Wall Street looks to Fed outlook Wednesday for early Christmas gift

NEW YORK (Reuters) - Investors are eager for a touch of Christmas cheer from the U.S. Federal Reserve next week, hoping for signs the central bank may ease up on interest rate hikes next year and spark a Santa Claus rally.

U.S. stocks are having their worst December performance in 16 years with the S&P 500 .SPX notching a 5 percent drop so far this month. The Fed's ongoing reversal of easy-money policy is a major overhang, and it is expected to raise rates more at the end of its two-day meeting on Wednesday.

That would mark a fourth consecutive December increase since 2015 when it started gradually lifting them. The question on investors’ minds is whether it could be the last.

“It’s imperative (the Fed releases) a dovish statement and an accommodative Q&A session,” said Bucky Hellwig, senior vice president at BB&T Wealth Management in Birmingham, Alabama. “If not, that would put stocks at risk again.”

“The Fed’s the key to a strong December, and it’s getting late in the year.”

Recent comments from policymakers have fueled expectations for a timeout signal when the rate-setting committee’s statement is released along with officials’ individual projections for how much further they will rise in 2019 and beyond.

“The market’s been under incredible pressure, concerned that the Fed is just going to go charging ahead,” said Stephen Massocca, senior vice president at Wedbush Securities in San Francisco. “The Fed understands that and from their latest commentary they’re starting to walk it back a little bit.”

FILE PHOTO: A Wall Street sign is seen outside the New York Stock Exchange September 19, 2008. REUTERS/Lucas Jackson/File Photo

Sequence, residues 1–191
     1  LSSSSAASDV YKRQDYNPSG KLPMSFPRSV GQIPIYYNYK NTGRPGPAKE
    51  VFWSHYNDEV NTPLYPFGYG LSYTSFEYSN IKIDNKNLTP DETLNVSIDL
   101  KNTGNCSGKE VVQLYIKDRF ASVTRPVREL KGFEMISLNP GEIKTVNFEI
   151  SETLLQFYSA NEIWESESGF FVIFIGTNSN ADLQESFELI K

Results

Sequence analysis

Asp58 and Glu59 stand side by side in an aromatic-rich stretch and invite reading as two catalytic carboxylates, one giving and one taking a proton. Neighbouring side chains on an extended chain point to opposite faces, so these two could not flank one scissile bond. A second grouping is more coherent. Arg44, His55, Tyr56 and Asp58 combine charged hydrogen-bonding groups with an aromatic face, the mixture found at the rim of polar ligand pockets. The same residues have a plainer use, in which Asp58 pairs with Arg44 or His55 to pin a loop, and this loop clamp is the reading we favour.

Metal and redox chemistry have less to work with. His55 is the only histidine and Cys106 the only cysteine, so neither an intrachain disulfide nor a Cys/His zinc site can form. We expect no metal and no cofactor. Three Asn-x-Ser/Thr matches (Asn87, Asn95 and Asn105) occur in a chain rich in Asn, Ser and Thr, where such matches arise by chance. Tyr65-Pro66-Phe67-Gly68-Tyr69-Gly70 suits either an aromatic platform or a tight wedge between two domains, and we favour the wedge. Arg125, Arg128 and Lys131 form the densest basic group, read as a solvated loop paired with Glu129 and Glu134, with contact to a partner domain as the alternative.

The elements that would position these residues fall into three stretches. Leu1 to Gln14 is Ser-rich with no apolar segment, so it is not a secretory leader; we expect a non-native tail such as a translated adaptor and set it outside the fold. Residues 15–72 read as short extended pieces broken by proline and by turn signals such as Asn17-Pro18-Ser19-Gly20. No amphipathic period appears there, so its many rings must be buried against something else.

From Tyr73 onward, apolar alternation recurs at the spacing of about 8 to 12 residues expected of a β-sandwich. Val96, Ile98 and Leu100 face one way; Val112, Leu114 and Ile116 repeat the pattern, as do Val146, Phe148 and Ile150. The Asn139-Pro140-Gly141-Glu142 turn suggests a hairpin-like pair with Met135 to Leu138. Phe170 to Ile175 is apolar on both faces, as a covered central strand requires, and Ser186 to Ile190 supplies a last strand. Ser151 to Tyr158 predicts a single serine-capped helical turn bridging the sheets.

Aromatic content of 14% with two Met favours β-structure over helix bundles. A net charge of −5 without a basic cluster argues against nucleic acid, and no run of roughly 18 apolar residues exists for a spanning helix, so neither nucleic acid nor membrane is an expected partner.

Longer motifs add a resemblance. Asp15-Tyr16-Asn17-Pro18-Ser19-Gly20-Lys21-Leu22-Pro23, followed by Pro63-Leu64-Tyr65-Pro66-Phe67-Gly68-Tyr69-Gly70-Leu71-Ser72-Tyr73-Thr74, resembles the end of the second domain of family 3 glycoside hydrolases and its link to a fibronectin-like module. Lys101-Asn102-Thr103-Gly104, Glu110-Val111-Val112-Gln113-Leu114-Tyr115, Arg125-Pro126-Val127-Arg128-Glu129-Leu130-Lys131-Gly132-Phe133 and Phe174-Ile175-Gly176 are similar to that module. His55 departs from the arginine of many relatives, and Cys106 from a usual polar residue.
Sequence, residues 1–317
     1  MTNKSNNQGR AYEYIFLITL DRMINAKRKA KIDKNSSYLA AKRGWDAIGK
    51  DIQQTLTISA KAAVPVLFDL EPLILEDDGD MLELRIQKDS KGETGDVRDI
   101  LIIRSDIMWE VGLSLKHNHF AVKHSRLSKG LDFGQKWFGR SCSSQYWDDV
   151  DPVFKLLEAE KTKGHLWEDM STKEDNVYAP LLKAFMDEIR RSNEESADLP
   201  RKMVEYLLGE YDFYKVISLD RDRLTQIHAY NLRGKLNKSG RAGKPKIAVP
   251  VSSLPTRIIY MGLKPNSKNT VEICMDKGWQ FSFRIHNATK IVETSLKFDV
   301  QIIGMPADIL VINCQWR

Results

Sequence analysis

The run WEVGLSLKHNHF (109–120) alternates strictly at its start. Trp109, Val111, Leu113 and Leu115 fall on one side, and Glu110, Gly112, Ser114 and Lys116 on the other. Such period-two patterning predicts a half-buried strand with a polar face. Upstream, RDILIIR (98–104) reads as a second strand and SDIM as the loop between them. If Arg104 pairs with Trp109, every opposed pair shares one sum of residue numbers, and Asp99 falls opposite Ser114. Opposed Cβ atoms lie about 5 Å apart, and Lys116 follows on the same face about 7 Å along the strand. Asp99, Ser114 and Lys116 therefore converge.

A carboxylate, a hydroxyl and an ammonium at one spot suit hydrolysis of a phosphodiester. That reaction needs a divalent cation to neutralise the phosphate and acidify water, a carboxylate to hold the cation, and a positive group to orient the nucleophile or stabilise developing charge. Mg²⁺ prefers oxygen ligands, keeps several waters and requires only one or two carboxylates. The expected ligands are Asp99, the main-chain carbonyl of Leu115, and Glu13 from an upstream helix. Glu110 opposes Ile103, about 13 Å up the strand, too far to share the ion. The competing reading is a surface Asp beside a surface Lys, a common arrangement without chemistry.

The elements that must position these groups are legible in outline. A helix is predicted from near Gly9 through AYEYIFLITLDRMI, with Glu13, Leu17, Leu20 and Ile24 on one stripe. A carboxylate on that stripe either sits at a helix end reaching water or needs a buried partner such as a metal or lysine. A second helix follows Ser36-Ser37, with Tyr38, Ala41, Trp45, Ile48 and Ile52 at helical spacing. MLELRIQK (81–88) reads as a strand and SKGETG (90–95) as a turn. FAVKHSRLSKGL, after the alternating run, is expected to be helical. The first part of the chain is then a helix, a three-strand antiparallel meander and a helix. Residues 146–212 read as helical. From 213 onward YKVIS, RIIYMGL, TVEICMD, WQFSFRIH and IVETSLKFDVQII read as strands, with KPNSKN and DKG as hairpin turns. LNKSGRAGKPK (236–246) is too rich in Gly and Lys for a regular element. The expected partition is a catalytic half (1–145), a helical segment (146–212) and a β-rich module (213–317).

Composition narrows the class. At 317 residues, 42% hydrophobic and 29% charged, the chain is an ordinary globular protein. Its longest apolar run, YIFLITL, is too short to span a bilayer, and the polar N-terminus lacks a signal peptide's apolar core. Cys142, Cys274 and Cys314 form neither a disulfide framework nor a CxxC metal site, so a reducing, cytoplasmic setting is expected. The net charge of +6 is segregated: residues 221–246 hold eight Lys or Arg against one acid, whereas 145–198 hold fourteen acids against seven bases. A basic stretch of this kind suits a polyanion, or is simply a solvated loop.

U.S. markets have been highly sensitive to any hint that the Fed is ready to slow down or even take a pause. The central bank has lifted rates eight times since December 2015 in a bid to restore them to normal after having slashed borrowing costs to near zero to combat the financial crisis a decade ago.

Last month, when Fed Chairman Jerome Powell said rates were near the range of policymakers’ estimates of “neutral” - the level at which they neither stimulate nor impede the economy - the S&P jumped by the most in eight months.

“There’s no doubt there’s been a shift in sentiment towards a more dovish Fed,” said Charlie Ripley, senior market strategist for Allianz Investment Management in Minneapolis.

Other FOMC members have recently weighed in.

Earlier this month, Fed Governor Lael Brainard nodded to growing risks to growth overseas and in corporate debt markets at home. St. Louis Federal Reserve President James Bullard chimed in that investors were nervous that the Fed had gone too far.

According to their latest projections in September, the median view among policymakers was for three rate hikes in 2019. Interest rate futures used to gauge the probability of further hikes now reflect almost no chance of that happening.

“If you look back at even as late as September, there were probably three rate hikes priced in to 2019, where now there’s right around one,” Ripley said.

Some recent U.S. economic data, including an underwhelming jobs report and tepid inflation numbers, along with pressures such as the ongoing U.S.-China trade skirmish, also appear to support an argument for a pause in Fed tightening in 2019.

It is a mixed picture, though, as robust retail sales data for November showed consumer spending remained on solid ground, which could suggest no need for the Fed to let up.

How the rest of December plays out likely comes down to how Fed officials communicate their view of a complex economic picture, said Oliver Pursche, vice chairman and chief market strategist at Bruderman Asset Management in New York.

“If you get a dovish-sounding (Fed) statement that stresses the fact that the economy is good, but given that there’s no inflation to worry about we can take a pause, that could lead to a 7 to 8 percent rally into year-end.”

Reporting by Stephen Culp, additional reporting by Caroline Valetkevitch, Charles Mikolajczak; Editing by Dan Burns and Richard Chang